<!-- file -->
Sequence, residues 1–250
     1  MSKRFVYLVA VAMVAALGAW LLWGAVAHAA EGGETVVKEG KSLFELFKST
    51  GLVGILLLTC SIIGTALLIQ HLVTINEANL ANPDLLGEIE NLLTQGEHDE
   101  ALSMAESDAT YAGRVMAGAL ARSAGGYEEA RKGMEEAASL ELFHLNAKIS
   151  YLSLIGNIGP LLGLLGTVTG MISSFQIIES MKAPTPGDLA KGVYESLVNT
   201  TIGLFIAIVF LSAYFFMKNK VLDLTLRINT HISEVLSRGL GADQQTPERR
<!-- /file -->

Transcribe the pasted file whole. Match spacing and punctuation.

Sequence, residues 1–250
     1  MSKRFVYLVA VAMVAALGAW LLWGAVAHAA EGGETVVKEG KSLFELFKST
    51  GLVGILLLTC SIIGTALLIQ HLVTINEANL ANPDLLGEIE NLLTQGEHDE
   101  ALSMAESDAT YAGRVMAGAL ARSAGGYEEA RKGMEEAASL ELFHLNAKIS
   151  YLSLIGNIGP LLGLLGTVTG MISSFQIIES MKAPTPGDLA KGVYESLVNT
   201  TIGLFIAIVF LSAYFFMKNK VLDLTLRINT HISEVLSRGL GADQQTPERR